A Vancouver-based technology company says it will apply to take part in traditional riding-hailing in B.C. as soon as provincial regulations take effect this fall.
Kater Technologies Inc. currently offers what it describes as a hybrid service in Metro Vancouver, combining a ride-hailing app with a fleet of vehicles that carry taxi licences and are governed by taxi regulations, such as mandatory Class 4 commercial licences for drivers.
The hybrid service will continue, but Kater intends to add traditional ride-hailing across the region by this fall and launch the service throughout in B.C.’s major cities by the end of the year.
The company says the addition of ride-hailing marks the start of its move toward a fully integrated system where transportation options from ride-hailing to bike or car shares, buses, ferries and even planes are connected through one digital platform.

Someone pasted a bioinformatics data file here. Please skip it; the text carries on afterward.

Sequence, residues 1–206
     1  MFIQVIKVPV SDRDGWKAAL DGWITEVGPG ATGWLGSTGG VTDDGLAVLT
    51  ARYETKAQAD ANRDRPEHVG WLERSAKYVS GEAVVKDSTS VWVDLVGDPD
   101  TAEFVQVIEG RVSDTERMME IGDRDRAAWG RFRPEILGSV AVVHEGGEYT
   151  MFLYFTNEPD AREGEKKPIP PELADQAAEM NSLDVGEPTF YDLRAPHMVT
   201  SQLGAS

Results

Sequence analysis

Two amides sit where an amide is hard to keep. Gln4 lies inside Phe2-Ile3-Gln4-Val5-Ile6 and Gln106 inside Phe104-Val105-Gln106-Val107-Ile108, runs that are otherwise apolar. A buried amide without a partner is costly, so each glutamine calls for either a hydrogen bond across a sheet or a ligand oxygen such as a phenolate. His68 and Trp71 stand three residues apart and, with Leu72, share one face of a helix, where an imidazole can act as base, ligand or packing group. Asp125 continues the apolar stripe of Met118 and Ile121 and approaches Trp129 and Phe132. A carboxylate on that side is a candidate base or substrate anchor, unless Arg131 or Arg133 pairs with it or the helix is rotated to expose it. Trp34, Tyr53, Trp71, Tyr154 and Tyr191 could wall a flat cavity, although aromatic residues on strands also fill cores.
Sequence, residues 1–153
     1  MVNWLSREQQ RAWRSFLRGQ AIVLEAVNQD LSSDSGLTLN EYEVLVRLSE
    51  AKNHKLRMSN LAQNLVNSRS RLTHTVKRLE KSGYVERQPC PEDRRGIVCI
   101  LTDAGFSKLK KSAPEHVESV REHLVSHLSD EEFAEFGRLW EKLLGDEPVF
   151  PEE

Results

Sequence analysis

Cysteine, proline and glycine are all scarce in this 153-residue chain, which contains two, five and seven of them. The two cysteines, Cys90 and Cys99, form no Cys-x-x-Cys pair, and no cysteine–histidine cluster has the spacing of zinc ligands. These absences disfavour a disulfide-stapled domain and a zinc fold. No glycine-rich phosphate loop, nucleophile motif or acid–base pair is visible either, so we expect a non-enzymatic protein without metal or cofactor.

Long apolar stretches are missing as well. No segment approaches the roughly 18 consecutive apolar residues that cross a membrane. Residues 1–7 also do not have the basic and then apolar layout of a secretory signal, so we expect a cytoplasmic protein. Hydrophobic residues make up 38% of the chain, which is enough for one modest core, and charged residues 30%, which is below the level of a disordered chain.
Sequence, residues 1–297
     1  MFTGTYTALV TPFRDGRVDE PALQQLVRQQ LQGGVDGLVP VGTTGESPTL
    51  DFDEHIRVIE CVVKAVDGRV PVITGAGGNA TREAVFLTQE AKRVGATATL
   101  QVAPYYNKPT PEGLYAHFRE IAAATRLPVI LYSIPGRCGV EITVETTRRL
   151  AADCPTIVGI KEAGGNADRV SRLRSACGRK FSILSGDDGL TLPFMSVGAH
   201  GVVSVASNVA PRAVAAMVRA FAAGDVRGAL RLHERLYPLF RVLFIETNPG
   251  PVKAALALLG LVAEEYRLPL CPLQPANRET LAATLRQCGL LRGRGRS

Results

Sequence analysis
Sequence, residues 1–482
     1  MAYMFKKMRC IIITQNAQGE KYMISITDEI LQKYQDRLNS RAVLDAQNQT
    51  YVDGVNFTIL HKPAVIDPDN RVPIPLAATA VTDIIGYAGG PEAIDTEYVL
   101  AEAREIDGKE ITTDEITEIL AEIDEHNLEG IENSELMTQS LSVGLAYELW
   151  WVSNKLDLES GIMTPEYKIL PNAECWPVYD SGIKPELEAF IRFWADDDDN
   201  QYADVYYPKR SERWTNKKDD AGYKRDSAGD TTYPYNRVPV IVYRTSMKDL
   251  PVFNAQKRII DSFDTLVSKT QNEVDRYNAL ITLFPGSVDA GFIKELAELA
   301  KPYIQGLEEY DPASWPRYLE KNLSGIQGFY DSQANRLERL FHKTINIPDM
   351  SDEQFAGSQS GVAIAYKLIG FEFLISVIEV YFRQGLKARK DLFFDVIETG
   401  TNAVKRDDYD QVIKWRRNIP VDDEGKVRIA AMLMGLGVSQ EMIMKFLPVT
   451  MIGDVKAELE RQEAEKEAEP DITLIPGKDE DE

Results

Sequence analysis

Kater CEO Scott Larsen says its ride-hail drivers will use their own vehicles and carry Class 4 licences, differing from the current Kater Car program where drivers rely on a company owned and licensed fleet.
San Francisco-based ride-hailing company Uber said last week that would-be Uber drivers in B.C. should begin the process of obtaining a Class 4 licence, because finding enough qualified drivers will be key in that company’s decision to launch in the province.
Class 4 licences require more stringent knowledge and practical exams, and are mandatory in B.C. for those who drive for services like taxis, buses and ambulances.
Larsen says the number of Kater’s ride-hailing vehicles, rates and driver incentives will all be finalized once provincial regulations are released, launching the company’s goal of a unified transportation experience.
“One app, one ‘boarding pass’ and payment that takes you from the very first to the very last mile; this is what I believe is the future of transportation in Vancouver and in other forward-looking metropolitan cities,” says Larsen.
“We’re excited to put our hat in the ring for ride-hailing as our first step towards this vision.”
The Canadian Press